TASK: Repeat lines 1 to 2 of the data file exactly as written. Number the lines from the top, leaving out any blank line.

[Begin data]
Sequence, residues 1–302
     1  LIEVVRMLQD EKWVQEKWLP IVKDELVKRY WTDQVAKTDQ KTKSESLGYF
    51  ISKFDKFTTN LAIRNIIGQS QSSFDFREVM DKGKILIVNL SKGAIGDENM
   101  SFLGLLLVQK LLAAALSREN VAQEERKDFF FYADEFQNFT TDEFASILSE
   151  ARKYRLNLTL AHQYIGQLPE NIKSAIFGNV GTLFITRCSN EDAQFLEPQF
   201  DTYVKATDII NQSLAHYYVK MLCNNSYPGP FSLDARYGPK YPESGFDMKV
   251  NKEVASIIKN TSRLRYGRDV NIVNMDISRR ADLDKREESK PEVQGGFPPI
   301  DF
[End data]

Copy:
Sequence, residues 1–302
     1  LIEVVRMLQD EKWVQEKWLP IVKDELVKRY WTDQVAKTDQ KTKSESLGYF